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September 01, 2015


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To be fair, when a loved one dies, rational thought sometimes goes out the window. She was likely pressured to keep going, be strong, keep herself busy. Grief is a very personal thing. It doesn't adhere to a schedule and it doesn't stop for plans. I'd say, cut her a break. She's served well.

D'Arcy McGee

Good article, Christine has disappointed many people who put their lives on hold to help her during her campaign. Unfortunately, she underestimated Brown, & when she & her team recognized they were in a battle, it was to late
Yes, she was let down by many of her caucus who purported to be with her, & then did little, but to walk away in a snit, hurts those who did not.
Very disappointed in her actions


Dear Canadianna:

It's funny how Christine Elliot's grief at the loss of her husband didn't really come to the fore until after she lost her leadership bid.


I supported Christine for the leadership but after it was over it became evident that she ran a poorly organized campaign. Her heart just didn't seem in it somehow. And I'm not really sure she was/is tough enough or different enough from the Wynne Liberals to really take them on and defeat them. Look, when Deb Matthews started defending her, I knew she was not the one to be leader. Brown? We'll have to see, but Wynne-lite (which I believe Elliott is) just won't cut it. The McGuinty-Wynne Liberals need to be confronted and unceremoniously booted from office. And I think now that Christine just wasn't up to that most necessary task.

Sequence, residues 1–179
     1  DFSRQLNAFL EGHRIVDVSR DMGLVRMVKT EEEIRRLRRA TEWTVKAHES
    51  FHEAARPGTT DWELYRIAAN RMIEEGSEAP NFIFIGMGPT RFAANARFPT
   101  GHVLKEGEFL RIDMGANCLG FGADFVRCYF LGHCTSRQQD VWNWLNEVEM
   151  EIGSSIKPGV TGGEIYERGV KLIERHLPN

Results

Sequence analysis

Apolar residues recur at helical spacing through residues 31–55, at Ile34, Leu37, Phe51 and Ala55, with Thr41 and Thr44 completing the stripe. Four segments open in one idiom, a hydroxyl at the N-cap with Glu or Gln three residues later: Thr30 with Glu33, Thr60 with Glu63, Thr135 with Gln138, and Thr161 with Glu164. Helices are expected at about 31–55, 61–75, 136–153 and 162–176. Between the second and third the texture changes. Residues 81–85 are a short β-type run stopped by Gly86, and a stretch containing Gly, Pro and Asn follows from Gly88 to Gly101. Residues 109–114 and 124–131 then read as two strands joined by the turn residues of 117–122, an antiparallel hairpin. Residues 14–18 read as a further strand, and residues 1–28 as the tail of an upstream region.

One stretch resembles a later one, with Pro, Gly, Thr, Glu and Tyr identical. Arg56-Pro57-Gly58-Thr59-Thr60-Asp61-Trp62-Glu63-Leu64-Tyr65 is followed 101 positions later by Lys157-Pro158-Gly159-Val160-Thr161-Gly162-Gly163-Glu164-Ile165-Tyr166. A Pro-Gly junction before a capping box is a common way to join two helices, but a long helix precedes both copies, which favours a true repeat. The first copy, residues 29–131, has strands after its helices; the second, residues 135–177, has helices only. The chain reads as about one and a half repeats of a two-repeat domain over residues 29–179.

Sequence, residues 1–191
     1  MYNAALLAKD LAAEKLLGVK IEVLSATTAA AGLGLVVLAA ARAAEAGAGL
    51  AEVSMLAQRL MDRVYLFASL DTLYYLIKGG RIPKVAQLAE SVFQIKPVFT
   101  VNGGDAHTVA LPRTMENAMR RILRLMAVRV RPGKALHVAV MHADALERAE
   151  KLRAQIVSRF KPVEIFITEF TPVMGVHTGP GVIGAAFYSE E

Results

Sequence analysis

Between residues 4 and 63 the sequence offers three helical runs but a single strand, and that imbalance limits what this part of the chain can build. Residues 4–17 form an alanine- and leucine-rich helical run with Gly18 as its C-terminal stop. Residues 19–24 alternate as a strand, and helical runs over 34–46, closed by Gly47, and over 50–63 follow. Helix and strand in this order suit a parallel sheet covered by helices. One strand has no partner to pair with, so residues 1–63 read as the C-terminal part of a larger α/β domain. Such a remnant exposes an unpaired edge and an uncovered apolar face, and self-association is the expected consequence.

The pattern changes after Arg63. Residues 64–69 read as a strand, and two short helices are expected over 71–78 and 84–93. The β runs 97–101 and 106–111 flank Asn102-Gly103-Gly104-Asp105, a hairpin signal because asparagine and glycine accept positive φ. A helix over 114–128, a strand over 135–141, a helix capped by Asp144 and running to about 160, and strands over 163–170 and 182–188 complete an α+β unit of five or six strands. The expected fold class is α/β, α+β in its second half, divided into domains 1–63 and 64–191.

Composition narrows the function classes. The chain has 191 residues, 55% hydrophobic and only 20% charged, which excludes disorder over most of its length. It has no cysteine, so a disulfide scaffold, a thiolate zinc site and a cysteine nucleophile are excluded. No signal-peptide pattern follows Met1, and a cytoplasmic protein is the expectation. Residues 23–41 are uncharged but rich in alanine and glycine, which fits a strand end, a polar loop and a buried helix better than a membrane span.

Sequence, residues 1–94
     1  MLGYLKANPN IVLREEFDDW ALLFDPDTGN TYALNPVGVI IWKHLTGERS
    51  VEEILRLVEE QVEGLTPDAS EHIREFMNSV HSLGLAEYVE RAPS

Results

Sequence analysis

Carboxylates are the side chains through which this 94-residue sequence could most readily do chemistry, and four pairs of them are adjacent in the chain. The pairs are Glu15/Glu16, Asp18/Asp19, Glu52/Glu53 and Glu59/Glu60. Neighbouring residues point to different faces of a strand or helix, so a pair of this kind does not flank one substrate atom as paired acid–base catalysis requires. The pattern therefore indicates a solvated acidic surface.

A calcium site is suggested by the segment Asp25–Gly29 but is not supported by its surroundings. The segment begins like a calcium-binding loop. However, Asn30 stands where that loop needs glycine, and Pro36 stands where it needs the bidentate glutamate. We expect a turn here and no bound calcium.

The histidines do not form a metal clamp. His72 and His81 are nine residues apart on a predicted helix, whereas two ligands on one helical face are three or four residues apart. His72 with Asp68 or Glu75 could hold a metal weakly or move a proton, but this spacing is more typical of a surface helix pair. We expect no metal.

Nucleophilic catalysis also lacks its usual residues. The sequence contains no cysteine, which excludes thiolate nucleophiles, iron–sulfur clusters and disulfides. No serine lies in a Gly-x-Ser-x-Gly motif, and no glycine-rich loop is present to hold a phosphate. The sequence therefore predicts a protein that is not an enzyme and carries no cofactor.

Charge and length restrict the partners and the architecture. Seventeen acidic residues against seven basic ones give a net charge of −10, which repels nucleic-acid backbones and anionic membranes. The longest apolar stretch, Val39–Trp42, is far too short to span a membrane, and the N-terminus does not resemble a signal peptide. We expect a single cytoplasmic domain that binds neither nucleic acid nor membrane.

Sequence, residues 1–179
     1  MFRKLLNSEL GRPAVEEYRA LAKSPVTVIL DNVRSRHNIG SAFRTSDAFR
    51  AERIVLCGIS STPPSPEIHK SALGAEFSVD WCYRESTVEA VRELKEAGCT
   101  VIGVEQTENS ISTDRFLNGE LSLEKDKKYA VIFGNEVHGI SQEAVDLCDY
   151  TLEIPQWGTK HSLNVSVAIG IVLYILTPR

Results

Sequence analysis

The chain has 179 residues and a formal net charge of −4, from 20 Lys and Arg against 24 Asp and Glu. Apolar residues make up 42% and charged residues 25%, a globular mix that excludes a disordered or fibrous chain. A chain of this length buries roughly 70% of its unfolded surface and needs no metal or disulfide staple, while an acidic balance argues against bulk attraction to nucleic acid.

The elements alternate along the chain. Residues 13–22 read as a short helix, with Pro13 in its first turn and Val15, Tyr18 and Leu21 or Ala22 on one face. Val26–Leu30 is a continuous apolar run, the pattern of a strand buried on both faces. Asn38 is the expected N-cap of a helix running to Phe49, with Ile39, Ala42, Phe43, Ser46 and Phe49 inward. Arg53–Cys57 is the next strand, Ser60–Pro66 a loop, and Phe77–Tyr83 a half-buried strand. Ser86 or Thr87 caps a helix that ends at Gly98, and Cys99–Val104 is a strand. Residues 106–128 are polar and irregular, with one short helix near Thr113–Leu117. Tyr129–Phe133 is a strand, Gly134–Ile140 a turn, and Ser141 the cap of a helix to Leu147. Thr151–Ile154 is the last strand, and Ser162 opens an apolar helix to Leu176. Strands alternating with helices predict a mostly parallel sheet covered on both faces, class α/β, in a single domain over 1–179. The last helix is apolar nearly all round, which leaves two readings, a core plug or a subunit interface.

That's exactly my point. She put her grief on hold in order to be 'strong' and do what's expected. It's 'the show must go on' mentality. It doesn't mean grief wasn't there, burbling under the surface. A campaign will give you something to focus on besides your grief. Once it's over, you can finally wallow in it if need be. I believe that's what she did.

Toronto Whistle Blower

I have to agree with Canadianna.

She followed her husband into politics and maybe with his death, her heart is no longer in it.

It is a tough road to be in politics and it is better to leave before you burn out or it gets the better of you.


I'm kinda on the other side of the fence. Representing your constituents should be more than a job that you just leave when you like - even if the reason is valid. I also don't like that she ran for leadership of the party. That tells me that her grief wasn't the motivating factor.

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